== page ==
Oral contraceptive use just before or during pregnancy is not associated with an increased risk of major birth defects, suggest the findings of a study published in The BMJ this week.
Oral contraceptives are a leading form of contraception worldwide. When used properly, these are over 99% effective.
However, around 9% of women become pregnant in the first year of use because of missing a dose, taking the pill with other medications, or illnesses.
When planning a pregnancy, most women stop using oral contraceptives, and usually become pregnant within a few months.
Despite decades of research on the safety of oral contraceptive use, little is known about the association between these drugs that contain sex hormones, and major birth defects, especially among these women who become pregnant while taking the drug or after recently stopping use.
So a team of US and Danish researchers carried out a large prospective observational study to examine the association between oral contraceptive use around the time of conception, and into pregnancy, with major birth defects.
All live births, birth defects, and maternal medical conditions were analysed from several national Danish medical registries between 1997 and 2011.
The final analyses included 880,694 liveborn infants, 2.5% of whom had a major birth defect--like an orofacial cleft or limb defect--within the first year of life
Infants with birth defects with known causes, such as fetal alcohol syndrome, or chromosomal aberrations, were excluded.
Recent oral contraceptive use less than three months before the pregnancy or use during early pregnancy were analysed based on prescription information from a national registry.
In total, 68% of mothers used oral contraceptives, but stopped more than three months before pregnancy, and 21% never used oral contraceptives.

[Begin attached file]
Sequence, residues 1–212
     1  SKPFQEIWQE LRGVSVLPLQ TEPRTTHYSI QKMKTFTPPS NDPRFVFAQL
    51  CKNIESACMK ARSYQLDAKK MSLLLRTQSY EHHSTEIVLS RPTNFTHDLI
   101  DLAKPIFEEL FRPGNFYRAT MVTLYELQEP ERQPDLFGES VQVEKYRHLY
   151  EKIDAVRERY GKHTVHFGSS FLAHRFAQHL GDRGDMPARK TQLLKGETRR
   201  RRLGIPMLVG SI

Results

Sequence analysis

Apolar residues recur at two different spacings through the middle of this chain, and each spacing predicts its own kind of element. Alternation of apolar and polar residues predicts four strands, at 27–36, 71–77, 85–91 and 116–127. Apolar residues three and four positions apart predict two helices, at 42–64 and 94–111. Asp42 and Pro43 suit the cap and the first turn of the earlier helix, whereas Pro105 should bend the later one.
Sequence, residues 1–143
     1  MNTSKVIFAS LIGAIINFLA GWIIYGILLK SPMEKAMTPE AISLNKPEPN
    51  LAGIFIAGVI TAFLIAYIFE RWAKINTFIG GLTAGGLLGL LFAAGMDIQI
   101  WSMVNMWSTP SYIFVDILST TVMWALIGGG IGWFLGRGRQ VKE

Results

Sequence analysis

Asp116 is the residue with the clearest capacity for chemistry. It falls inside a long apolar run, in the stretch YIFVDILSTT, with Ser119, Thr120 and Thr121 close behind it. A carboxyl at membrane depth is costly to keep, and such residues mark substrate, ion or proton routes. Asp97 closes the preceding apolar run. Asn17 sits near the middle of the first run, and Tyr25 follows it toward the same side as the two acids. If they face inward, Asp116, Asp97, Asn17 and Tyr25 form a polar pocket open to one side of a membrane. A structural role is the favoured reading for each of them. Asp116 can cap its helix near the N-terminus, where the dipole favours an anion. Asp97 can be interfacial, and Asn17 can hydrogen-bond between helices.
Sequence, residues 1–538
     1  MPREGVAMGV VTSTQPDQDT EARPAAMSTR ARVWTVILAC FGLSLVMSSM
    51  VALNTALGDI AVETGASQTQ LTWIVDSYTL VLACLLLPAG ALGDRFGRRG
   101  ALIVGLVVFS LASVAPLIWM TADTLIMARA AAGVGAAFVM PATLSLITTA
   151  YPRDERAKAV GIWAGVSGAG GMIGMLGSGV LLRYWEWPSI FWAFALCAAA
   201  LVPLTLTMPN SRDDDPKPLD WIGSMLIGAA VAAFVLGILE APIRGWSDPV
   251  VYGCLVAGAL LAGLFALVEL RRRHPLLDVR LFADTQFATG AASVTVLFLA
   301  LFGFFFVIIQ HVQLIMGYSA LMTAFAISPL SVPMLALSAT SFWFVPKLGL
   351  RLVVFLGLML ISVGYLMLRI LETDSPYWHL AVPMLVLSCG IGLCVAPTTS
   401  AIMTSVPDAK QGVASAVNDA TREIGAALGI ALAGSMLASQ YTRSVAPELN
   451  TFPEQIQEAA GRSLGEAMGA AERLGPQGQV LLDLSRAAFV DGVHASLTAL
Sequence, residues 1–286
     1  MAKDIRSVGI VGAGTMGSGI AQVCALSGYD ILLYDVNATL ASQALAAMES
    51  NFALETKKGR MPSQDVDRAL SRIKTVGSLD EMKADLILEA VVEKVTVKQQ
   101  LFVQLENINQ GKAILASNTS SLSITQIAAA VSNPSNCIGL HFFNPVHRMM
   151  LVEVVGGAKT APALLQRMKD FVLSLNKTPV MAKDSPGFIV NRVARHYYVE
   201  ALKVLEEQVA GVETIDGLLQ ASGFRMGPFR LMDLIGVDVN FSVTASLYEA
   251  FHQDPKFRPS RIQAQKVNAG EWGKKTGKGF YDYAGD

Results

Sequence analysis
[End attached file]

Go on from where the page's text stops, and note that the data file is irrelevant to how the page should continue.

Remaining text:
Overall, 8% recently stopped using oral contraceptives within 0-3 months before pregnancy, and 1% used oral contraceptives beyond pregnancy--both these categories were analysed as exposed.
Findings from the study revealed no increased risk of any major birth defect associated with oral contraceptive exposure.
The prevalence of major birth defects, per 1000 births, was consistent across each group: 25.1 for never users, 25.0 for oral contraceptive use more than three months before pregnancy, 24.9 for oral contraceptive use within 0-3 months before pregnancy, and 24.8% for oral contraceptive use after pregnancy.
Other risk factors for birth defects and those that increase the likelihood of contraceptive use were adjusted for.
These factors included age at pregnancy, place of birth, level of education, household income, history of birth defects from previous pregnancies, smoking in pregnancy, and healthcare use such as prescription drug use and hospital admissions.
This is an observational study so no definitive conclusions can be made about cause and effect.
Nevertheless, the authors say the findings should reassure "women who have a breakthrough pregnancy during oral contraceptive use or even [those who] intentionally become pregnant within a few months of stopping oral contraceptive use [because] any exposure is unlikely to cause her fetus to develop a major birth defect."